BBC rouses anger with timing of Israel documentary
By Cahal Milmo
The Independent 19 March 2003
The BBC reportedly received more than 1,000 complaints after it moved a documentary comparing Israel’s arms programme to that of Iraq from prime time to a “graveyard” slot and replaced it with a repeated film on windmills.
The corporation said yesterday it had received more than 2,500 calls about the Correspondent documentary on BBC2, Israel’s Secret Weapon, which investigated Israel’s undeclared nuclear programme. Viewers protested to the BBC by telephone and e-mail after the programme was switched from 7.15pm on Sunday because coverage of the Azores summit on Iraq over-ran. The documentary, which asked whether there were double standards in the world’s treatment of Israel and Iraq, was strongly criticised by Jewish groups, including the British Board of Deputies, before its original screening time.
But when it was suddenly replaced with an old documentary on windmills by the steeplejack-turned-celebrity Fred Dibnah, the BBC received a further flood of complaints that it had caved in to political pressure. The film was eventually shown on Monday at 11.20pm after an extended Newsnight on the Iraq crisis.
The BBC refused to say how many of the calls were complaints but 300 phone calls and 720 e-mails are understood to have criticised the decision. A BBC spokeswoman said: “For a programme of its type it has received a very large number of calls. There were complaints about the decision to postpone. But it was taken purely because of the Azores summit over-running. When we are dealing with a major news story, that receives priority.”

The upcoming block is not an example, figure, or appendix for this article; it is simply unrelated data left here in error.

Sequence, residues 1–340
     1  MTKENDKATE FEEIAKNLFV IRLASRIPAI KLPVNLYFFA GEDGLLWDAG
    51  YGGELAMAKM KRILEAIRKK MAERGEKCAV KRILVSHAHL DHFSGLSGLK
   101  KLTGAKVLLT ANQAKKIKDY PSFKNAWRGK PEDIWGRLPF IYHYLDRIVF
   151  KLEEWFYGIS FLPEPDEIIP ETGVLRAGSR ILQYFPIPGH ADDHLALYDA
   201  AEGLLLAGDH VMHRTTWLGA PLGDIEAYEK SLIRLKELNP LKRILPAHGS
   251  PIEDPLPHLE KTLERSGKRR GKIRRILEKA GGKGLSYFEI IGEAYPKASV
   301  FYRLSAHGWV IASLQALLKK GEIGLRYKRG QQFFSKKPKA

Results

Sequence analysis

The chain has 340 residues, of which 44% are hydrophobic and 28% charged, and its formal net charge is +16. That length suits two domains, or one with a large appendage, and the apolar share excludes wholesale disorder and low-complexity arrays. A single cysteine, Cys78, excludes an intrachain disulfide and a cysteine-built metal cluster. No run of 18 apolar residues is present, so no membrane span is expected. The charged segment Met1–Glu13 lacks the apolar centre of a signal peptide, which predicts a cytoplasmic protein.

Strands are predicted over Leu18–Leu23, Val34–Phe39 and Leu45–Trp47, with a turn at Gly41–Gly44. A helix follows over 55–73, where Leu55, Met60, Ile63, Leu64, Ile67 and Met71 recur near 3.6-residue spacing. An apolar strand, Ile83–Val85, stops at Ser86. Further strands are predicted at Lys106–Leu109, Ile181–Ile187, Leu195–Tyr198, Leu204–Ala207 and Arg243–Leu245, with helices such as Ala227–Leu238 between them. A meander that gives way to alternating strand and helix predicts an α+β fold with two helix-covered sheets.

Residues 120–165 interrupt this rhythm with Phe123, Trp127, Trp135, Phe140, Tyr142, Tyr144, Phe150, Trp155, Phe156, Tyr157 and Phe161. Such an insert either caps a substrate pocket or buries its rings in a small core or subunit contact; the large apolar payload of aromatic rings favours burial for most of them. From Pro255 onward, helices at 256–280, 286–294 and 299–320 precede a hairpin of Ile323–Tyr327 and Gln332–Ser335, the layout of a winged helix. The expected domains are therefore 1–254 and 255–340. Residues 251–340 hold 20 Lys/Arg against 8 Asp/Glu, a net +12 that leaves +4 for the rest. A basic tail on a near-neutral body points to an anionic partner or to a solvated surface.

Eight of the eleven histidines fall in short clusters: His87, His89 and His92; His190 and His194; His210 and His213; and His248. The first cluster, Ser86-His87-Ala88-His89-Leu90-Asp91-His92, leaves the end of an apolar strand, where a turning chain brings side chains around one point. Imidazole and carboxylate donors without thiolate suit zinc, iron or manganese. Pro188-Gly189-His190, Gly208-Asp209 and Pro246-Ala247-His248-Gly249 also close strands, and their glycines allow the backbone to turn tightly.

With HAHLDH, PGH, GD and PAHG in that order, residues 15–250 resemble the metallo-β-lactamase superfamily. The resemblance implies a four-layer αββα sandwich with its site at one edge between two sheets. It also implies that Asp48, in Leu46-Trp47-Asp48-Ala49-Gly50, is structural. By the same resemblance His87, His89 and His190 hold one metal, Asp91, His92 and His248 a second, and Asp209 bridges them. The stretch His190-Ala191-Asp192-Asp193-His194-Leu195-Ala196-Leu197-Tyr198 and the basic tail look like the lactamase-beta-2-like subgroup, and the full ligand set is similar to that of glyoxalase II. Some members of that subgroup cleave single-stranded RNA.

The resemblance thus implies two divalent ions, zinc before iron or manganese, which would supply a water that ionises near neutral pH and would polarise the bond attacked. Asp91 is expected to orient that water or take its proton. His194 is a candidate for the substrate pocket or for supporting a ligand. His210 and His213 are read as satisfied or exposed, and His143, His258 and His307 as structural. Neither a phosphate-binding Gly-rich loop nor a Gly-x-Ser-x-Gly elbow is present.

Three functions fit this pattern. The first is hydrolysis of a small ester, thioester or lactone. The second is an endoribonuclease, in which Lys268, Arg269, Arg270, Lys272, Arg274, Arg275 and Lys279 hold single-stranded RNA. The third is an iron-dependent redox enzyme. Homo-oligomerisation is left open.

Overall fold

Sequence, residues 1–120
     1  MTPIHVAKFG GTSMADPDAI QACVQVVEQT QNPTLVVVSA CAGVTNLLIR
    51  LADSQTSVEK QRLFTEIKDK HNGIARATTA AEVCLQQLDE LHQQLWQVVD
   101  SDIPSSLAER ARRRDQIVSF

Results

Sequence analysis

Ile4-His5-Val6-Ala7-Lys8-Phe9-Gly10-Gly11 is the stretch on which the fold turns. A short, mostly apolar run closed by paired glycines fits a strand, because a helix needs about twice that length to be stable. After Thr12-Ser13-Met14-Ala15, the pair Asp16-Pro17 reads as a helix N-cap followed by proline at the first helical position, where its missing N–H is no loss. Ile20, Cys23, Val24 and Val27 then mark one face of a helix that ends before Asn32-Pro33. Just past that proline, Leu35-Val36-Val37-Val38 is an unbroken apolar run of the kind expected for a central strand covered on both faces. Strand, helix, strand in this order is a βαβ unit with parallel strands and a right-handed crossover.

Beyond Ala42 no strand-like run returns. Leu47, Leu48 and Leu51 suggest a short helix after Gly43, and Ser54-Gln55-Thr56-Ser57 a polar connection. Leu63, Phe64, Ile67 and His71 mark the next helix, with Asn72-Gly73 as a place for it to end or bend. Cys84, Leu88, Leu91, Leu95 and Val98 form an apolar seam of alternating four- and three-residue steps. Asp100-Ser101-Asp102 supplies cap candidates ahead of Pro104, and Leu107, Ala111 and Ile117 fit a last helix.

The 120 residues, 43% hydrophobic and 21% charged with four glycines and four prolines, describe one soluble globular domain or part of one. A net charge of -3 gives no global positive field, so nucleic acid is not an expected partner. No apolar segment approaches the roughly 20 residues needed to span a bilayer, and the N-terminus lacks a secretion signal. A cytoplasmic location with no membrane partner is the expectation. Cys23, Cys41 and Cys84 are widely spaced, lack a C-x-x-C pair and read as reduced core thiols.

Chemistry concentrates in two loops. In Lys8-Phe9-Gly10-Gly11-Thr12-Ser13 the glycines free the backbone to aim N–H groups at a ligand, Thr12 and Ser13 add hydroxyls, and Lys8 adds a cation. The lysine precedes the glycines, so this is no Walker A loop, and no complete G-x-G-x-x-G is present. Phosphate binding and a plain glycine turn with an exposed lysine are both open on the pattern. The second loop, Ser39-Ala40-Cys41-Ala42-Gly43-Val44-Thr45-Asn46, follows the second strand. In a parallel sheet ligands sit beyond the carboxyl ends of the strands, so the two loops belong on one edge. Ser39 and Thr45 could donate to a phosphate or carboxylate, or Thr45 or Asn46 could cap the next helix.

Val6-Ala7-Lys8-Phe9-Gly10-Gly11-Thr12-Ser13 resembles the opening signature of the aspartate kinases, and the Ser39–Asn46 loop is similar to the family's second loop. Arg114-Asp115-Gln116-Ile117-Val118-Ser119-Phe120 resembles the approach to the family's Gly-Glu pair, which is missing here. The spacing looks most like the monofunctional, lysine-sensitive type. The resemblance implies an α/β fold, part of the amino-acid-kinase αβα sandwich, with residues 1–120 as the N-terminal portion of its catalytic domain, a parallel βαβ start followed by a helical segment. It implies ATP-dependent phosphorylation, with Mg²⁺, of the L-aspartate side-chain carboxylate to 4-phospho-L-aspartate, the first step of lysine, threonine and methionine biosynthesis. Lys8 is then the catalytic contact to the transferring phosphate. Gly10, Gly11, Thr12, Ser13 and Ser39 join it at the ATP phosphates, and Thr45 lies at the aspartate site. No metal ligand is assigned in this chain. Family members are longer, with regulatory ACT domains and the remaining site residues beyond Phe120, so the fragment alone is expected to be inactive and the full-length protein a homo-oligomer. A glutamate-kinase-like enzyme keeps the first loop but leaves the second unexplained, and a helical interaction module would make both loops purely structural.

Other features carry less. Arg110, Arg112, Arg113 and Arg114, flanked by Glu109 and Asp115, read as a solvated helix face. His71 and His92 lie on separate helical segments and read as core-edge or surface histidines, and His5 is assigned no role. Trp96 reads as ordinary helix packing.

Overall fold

The BBC said it moved the film so it could trail it throughout Monday and screen it in a slot where current affairs programmes had been shown before. Audience figures showed it drew one million viewers.
But senior BBC managers privately admitted the decision was controversial. An internal memo sent to the Correspondent team by the BBC2 controller, Jane Root, said the scheduling switch “will add fuel to the conspiracy theorists”.
The producers of the programme were said to be disappointed by the move but added that they accepted the pressure of news coverage was responsible.
Jewish groups remained unmoved last night, saying that the programme, which accused Israeli forces of using an illegal incapacitating gas against Palestinians in Gaza two years ago, was unjust in comparing the Jewish state to Saddam Hussein’s Iraqi regime.
The documentary, which reported on Mordechai Vanunu, the whistleblower who exposed Israel’s nuclear programme, asked: “Which country in the Middle East has undeclared nuclear weapons?”, “Which country in the Middle East has undeclared biological and chemical capabilities?” and “Which country in the Middle East has no outside inspectors?”
Neville Nagler, director general of the Board of Deputies, said: “We are concerned that this documentary was screened absolutely at a time to reinforce the views of those who seek to draw a linkage between Israel and Iraq. We say that is completely unfounded … The allegations about gas use were unproven.” But, he added, the board had not wanted the BBC to withdraw the programme.